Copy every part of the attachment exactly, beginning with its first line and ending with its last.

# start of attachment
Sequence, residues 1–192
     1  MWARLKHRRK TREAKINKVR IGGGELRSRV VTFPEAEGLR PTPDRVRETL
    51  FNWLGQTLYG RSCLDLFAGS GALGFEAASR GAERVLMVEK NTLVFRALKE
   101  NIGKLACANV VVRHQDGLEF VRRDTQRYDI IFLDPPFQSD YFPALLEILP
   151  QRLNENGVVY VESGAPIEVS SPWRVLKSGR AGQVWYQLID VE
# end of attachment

Sequence, residues 1–192
     1  MWARLKHRRK TREAKINKVR IGGGELRSRV VTFPEAEGLR PTPDRVRETL
    51  FNWLGQTLYG RSCLDLFAGS GALGFEAASR GAERVLMVEK NTLVFRALKE
   101  NIGKLACANV VVRHQDGLEF VRRDTQRYDI IFLDPPFQSD YFPALLEILP
   151  QRLNENGVVY VESGAPIEVS SPWRVLKSGR AGQVWYQLID VE